Biden throws an inflation party

Yesterday’s inflation report was a reality check for the US economy. After a summer of easing price rises, economists expected the August numbers to bring more good news. Instead, the data suggested there remains a long way to go in the fight against inflation. The consumer price index rose year-on-year by 8.3 percent, down from 8.5 percent in July. But core CPI, a measure which excludes volatile energy and food prices, was up 6.3 percent in August over the same time last year, a rise on 5.9 percent in both June and July.

As inflation clairvoyant Laurence Summers put in, the report “confirms that the US has a serious inflation problem. Core inflation is higher this month than for the quarter, higher this quarter than last quarter, higher this half of the year than the previous one, and higher last year than the previous one.”

One place this wake-up call was not heard? The White House. Hours after its own Labor Department reported that real average hourly earnings fell 2.8 percent between August 2021 and August 2022, Joe Biden pressed ahead with an event on the South Lawn to celebrate the administration’s inflation fighting achievements. The images on cable news, of a president touting his economic track record as a graphic delivered live updates from Wall Street, where the Dow had its worst day since June 2020, will not be forgotten.

Perhaps the only fitting part of the event was the inadvertently appropriate sad boomer serenade from James Taylor. He got the party started by singing “Fire and Rain,” a song about suicide and heroin addiction.

Biden’s speech at the celebration for the Inflation Reduction Act didn’t just strike an odd tone given the bad economic news. It also featured flagrant untruths about his handling of the economy. Among them: the idea that the president and his party are balancing the books. As the Committee for a Responsible Federal Budget notes, legislative and executive actions under Biden have added $4.8 trillion to ten-year deficits. Biden likes to boast that the Inflation Reduction Act is fully funded, but just weeks after its passage, Biden’s sweeping and very likely illegal student debt cancellation that is forecast to cost more than half a trillion dollars is entirely unfunded.

With the pandemic in the rear-view mirror and gas prices back under control after highs earlier this year, the inflationary culprit is clearer than ever, and this time he cannot blame the weirdness of the Covid economy or “Putin’s gas price hike.”

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The final primaries follow a familiar script

With voters in New Hampshire, Delaware and Rhode Island having cast their ballots, primary season is officially over. Delaware’s most powerful voter decided to take a twenty-minute trip in Air Force One to vote in person, rather than absentee.

The most important race in which voters had their say yesterday was the Republican Senate primary in New Hampshire. Democratic incumbent Maggie Hassan faces a potentially tricky re-election fight in the famously independent-minded New England state. And the process to pick her challenger followed a very 2022 script: a milquetoast GOP was beaten by the Trump-approved candidate. Continuing another trend, Don Bolduc was helped by Democratic Senate leader Chuck Schumer, whose closely affiliated Senate Majority PAC spent $3.2 million boosting the MAGA-aligned candidate. It was a MAGA clean sweep in House races in New Hampshire too. Twenty-five-year-old former Trump staffer Karoline Leavitt beat the Kevin McCarthy-approved candidate in NH-1, with the Cook Political Report moving that race from toss-up to lean Democrat after the result was announced.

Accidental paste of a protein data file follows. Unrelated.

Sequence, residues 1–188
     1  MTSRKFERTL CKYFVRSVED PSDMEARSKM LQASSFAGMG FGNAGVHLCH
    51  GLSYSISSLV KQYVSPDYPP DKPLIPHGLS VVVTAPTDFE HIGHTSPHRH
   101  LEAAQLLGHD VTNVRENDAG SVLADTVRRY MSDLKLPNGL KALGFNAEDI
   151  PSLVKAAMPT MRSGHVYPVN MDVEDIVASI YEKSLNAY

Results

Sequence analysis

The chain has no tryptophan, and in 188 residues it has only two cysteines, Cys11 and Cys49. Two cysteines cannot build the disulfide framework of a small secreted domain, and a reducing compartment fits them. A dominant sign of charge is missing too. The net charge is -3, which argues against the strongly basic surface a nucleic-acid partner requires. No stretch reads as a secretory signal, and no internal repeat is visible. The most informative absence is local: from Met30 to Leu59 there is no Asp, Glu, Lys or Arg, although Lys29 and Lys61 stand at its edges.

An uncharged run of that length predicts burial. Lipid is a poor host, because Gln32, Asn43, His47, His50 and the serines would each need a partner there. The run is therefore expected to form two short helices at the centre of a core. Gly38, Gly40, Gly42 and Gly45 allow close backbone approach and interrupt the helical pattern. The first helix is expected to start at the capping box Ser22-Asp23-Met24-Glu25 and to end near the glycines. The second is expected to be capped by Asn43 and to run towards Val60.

Many on the populist right might question the assumption made by Democratic PACs and observers handicapping November’s races, that MAGA candidates are less electable than the GOP establishment-approved alternatives. “Electability” may be more complicated than some claim, but even if the old left-and-right rules no longer apply, there are campaigns that focus on the concerns of swing voters and ones that are preoccupied by the hang-ups of the former president and his band of supporters.

Keep Kamala away from swing states

Kamala Harris will kick off her midterm campaigning on Friday, and the location speaks for itself when it comes to the question of how much of an electoral asset Democrats see the vice president as being. Harris gets her midterm travel itinerary underway in a most crucial political crucible, that midwestern bellwether that alternates red and blue. Yes, the veep will make a pitch to swing voters in… Chicago.

What you should be reading today

Matt Purple: The tyranny of the specialists
Rupert Darwall: China, not America, has the real emissions problem
Jane Stannus: Canada’s new Conservative leader is no Donald Trump
Vivek Ramaswamy, Politico Magazine: The Grand Old Party of crybabies
Joseph Simonson, Washington Free Beacon: Republican Joe O’Dea thinks he has the formula to win in a blue state
Ramesh Ponnuru, Bloomberg: The pro-life movement needs to be more realistic

Poll watch

President Biden job approval
Approve: 42.4 percent
Disapprove: 53.0 percent
Net approval: -10.6 (RCP Average)

Nevada senate race
Caroline Cortez Masto (D): 41 percent
Adam Laxalt (R): 42 percent (the Hill/Emerson)

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